“Yesterday, we had duel manmade financial fiascos,” Cramer during Friday's Mad Money. “It was embarrassing. It was unbecoming. And most of all, it was outrageous. And the most infuriating part is that the same people who did nothing to control the damage yesterday will continue to do just that – nothing.”
The first fiasco came courtesy of Jean-Claude Trichet. Cramer attributed 350 of the near 1,000 points the Dow lost yesterday to the European Central Bank president’s disappearance right when the world needed his leadership. Trichet either should have announced the EU’s intention to cordon off the debt woes of Greece, Spain and Portugal or thrown the government’s full support behind them. That would have lent some stability to the markets.
“Instead ... we got nothing,” Cramer said.
Culprit number two behind the second fiasco, or the remaining 650 or so points in that 1,000-point fall, were the institutions that stood by as the machines broke down, Cramer said. They didn’t stop trading to figure out why some stocks dropped to zero. They didn’t issue warning bulletins, telling traders to be careful. Not did they call the networks covering Wall Street to explain in near real time that something had gone wrong.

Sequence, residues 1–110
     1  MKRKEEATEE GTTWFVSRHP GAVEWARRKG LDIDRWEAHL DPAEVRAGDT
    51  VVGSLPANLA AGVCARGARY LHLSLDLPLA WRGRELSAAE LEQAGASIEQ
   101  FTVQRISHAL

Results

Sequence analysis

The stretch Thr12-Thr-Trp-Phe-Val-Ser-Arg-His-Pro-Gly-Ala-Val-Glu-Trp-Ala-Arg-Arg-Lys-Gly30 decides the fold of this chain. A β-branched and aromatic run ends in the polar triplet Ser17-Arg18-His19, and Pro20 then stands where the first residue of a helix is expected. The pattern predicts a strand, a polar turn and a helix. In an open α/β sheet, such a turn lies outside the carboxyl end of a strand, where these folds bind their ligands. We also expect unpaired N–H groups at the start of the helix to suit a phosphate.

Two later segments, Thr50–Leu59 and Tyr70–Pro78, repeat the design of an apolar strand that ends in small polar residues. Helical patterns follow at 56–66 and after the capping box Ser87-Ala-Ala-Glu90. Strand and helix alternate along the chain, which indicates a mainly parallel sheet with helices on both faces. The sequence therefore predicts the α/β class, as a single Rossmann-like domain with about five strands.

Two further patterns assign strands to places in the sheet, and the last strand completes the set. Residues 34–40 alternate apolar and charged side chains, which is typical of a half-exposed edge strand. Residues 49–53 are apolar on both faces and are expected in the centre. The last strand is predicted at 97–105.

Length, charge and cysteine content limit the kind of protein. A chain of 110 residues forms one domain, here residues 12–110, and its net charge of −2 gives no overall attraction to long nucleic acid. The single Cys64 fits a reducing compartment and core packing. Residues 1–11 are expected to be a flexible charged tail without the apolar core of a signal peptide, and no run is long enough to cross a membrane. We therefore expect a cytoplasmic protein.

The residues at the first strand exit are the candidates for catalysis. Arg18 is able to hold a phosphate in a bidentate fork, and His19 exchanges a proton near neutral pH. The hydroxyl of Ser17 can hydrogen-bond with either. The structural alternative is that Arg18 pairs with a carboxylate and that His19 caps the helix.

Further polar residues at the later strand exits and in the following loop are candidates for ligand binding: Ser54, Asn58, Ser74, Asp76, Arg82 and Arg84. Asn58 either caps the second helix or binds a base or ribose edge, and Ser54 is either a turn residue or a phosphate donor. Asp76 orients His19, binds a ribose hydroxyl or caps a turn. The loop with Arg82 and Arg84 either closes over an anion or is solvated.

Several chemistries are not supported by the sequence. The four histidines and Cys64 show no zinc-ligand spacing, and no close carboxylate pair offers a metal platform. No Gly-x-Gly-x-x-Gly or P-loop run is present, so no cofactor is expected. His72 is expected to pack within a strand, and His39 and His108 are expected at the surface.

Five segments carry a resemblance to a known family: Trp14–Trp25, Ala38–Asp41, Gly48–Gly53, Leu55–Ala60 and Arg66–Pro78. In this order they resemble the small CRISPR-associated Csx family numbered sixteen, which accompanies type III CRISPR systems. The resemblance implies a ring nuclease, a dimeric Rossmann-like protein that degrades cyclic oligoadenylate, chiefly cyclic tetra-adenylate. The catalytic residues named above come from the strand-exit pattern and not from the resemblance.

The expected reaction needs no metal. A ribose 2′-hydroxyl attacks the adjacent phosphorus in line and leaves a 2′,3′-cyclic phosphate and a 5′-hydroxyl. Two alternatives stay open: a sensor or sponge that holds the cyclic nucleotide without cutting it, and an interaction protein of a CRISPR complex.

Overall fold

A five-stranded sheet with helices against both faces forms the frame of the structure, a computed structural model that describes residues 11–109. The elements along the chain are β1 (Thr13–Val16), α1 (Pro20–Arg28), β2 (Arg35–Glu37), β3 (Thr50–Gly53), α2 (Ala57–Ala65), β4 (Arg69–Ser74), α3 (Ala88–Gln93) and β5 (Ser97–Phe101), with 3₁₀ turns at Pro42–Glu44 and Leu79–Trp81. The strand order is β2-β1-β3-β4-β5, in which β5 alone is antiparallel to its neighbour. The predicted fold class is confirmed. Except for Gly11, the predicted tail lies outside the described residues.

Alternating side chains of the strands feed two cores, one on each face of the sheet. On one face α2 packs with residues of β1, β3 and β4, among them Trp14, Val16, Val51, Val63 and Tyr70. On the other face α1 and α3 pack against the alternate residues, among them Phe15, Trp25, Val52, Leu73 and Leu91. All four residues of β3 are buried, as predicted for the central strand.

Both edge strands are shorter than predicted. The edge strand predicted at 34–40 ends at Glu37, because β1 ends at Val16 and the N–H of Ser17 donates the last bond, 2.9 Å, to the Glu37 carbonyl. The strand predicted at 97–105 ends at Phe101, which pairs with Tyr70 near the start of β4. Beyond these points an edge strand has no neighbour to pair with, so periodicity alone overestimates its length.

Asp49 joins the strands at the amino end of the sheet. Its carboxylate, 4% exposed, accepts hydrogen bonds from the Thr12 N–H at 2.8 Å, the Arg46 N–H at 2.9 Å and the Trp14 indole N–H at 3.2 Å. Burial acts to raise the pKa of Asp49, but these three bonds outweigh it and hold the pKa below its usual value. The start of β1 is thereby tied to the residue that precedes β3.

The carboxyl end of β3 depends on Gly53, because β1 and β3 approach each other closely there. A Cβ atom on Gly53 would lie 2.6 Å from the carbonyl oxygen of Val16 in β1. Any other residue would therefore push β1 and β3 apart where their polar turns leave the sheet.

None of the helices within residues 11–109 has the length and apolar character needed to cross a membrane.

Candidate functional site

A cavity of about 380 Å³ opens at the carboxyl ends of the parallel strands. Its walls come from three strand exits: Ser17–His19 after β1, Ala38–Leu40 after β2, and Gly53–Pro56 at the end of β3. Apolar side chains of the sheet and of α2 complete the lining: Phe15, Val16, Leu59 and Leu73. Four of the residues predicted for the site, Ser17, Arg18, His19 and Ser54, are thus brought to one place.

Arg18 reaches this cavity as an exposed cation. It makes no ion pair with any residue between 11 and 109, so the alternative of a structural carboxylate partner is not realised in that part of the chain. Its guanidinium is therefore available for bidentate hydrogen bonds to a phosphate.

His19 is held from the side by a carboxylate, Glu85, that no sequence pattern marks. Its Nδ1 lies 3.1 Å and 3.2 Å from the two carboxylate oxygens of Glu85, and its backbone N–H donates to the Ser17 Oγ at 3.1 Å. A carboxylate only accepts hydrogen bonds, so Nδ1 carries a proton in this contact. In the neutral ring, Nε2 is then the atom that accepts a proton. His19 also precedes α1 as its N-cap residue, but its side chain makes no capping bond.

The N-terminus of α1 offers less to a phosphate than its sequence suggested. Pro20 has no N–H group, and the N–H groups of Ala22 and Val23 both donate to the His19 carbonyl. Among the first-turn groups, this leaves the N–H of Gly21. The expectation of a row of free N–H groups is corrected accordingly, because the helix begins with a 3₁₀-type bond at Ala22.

No, “They just stick their head in the sand,” Cramer said, “just like Trichet.”
Maybe it’s because the exchanges only seem to care about trading volume, and the fees that come along with it. Cramer thinks they’re willing to risk anything to get that volume, too, including the circuit breakers that could have prevented yesterday’s decline.
What’s worse is that nothing will be done to improve things, Cramer said. There’s no central regulator, someone who could have been watching CNBC when this all went down and halted trading. And there’s no one in Europe as strong as Federal Reserve Chairman Ben Bernanke.
But who’s the real loser in all of this?
You. The machine breakdown yesterday “happened entirely in the name of institutional greed and profit,” Cramer said. And it seems like the only time the government is interested in protecting anyone is when a wrong takes place at the institutional level. Remember, the whole case against Goldman Sachs is that it failed to protect a major German bank.
So individual investors are crushed by greed between 2000 and 2003. Then they’re hurt again between 2007 and 2009. And on Thursday we found out that the whole system can be brought down in a matter minutes.
“No wonder people would rather own low-yielding CDs than stocks,” Cramer said.
Cramer's charitable trust owns Goldman Sachs.
Call Cramer: 1-800-743-CNBC
Questions for Cramer?
Questions, comments, suggestions for the Mad Money website? email@example.com